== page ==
KATE EMERY: It’s time to ditch the myth that overweight people are so because they’re lazy

Kate Emery
The Nightly
KATE EMERY: It’s time to ditch the myth that overweight people are so because they’re lazy.
KATE EMERY: It’s time to ditch the myth that overweight people are so because they’re lazy. Credit: Naomi Craigs/The Nightly

As I told my daughter when she asked loudly in the middle of the supermarket WHY IS THAT MAN SO FAT it’s rude to talk about other people’s bodies.

Unless you’re talking two heads or a third boob, a person’s body shape is usually the least interesting thing about them.

So, it is with a certain amount of reluctance — and a degree of hypocrisy usually reserved for parents lecturing their kids about screen time — that I come to talk about James Packer’s body. Or, if not about his body, exactly, then about the way he talks about his body.

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It’s a little more nuanced than the kind of conversation you can have with a seven-year-old in the Coles chiller aisle.

If you missed it, Packer did an interview in which he talked about his “constant struggles” with his weight. He’s been candid, over the years, about the ways in which both medication and a sweet tooth have shown up on his waistline.

Packer’s weight is nobody’s business but his own.

But his struggles say something about the stigma our society still attaches to being overweight and how much we get wrong.

For all that the body positivity movement has achieved — and as a millennial let me tell you things have improved since the days when we were all encouraged to view Britney Spears and Jessica Simpson as disgusting beasts who should have been chained to a gold bikini’d Carrie Fisher — people who are fat are still judged in ways that have nothing to do with the size of their thighs.

People who are fat are generally perceived to be lazier, less disciplined and less capable in leadership positions than people who are not fat. They tend to earn less at work, are less likely to be promoted and are more likely to have medical concerns dismissed by doctors, either because the doctors think losing weight will cure all their problems or because they’re deemed to be non-compliant or lazy.

(This isn’t me speaking, by the way, this is years of research).

James Packer needs a gaming operator?s licence for his plan to realise its full potential.

AFR 120731  photo by Louise Kennerley James Packer in his 1 park street office
James Packer. Credit: Louise Kennerley

When someone like Packer talks about his weight struggles it’s a reminder that the myth that fat people are work-shy shirkers is just that. Packer may have been born with a silver spoon in every available orifice, as the scion of a media dynasty, but his own business efforts prove he’s not lacking in discipline and work ethic.

With all the resources at his disposal — Packer is worth an estimated $2.8 billion — he can also afford personal chefs, personal trainers and enough Ozempic to tilt the world on its axis. And yet.

Packer has something in common with Oprah Winfrey, whose weight has famously yo-yo’d as her billion-dollar empire gets fatter.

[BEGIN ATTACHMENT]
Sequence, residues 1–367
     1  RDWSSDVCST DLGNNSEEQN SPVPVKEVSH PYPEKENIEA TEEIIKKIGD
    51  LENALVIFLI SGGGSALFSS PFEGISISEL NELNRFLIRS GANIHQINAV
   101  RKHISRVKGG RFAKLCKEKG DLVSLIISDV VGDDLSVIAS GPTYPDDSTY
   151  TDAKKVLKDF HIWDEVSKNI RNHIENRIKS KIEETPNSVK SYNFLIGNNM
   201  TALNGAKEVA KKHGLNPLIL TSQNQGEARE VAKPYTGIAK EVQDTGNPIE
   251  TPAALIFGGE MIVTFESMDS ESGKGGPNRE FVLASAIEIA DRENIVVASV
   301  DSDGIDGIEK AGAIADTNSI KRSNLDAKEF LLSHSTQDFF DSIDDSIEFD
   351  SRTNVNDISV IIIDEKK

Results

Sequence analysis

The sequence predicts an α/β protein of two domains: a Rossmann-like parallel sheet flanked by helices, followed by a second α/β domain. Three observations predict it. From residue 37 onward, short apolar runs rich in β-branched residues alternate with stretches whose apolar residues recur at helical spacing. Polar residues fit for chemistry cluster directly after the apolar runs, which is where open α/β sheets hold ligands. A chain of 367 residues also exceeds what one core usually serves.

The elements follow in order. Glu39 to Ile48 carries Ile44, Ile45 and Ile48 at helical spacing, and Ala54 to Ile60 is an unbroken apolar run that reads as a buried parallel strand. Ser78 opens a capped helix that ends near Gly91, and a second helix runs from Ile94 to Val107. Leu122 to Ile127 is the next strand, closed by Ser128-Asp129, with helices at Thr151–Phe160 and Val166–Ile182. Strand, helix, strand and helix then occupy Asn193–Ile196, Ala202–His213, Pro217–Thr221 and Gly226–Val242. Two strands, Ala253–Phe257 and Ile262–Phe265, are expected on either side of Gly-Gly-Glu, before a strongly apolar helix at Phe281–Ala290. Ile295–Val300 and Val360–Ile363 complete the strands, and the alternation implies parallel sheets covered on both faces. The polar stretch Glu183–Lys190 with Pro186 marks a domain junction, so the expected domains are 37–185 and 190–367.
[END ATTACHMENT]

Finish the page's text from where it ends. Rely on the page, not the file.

If Oprah and Packer — very accomplished, very rich people — can’t make their bodies look how they want them to look then maybe, just maybe, fat people aren’t necessarily fat because they’re slobs with no self-control who don’t understand the mathematics behind calories in v calories out. Maybe body shape and body weight are a bit more complex than we’d like to believe.’

LOS ANGELES, CALIFORNIA - DECEMBER 06: Oprah Winfrey attends the Los Angeles Premiere of Warner Bros.' "The Color Purple" at Academy Museum of Motion Pictures on December 06, 2023 in Los Angeles, California. (Photo by Stewart Cook/Getty Images for Warner Bros. )
Oprah Winfrey. Credit: Stewart Cook/Getty Images for Warner Bros.

Certainly, there’s plenty of evidence to suggest achieving a “healthy” body is not always as simple as moving more and eating less. Genetics, for example, play a bigger role than many have previously suspected.

Right now somebody reading this column is dying to tell me about how they lost 20kg through restraint and a gym membership. You don’t need to send the email: I believe you. I also believe there can be massive health benefits in not being obese.

My body works like many people’s in that I’m able to maintain a healthy weight by eating less than I’d prefer and exercising more. But that is not the case for everyone.

Even if it was the idea that carrying “extra” weight is still deemed to be a moral or personal failing it is as ridiculous as it is pernicious. A weakness for red velvet cake doesn’t say anything about your character except that you like red velvet cake and maybe we should remember that.

And maybe we should take the advice I hissed at my daughter and stop taking such a keen interest in other people’s weight, as though it signifies anything more than the number on the label of their jeans.

Although, obviously, this is pretty rich coming from me, having just written 800 words on a stranger’s waistline.

Feel free to have a word next time you see me at Coles.


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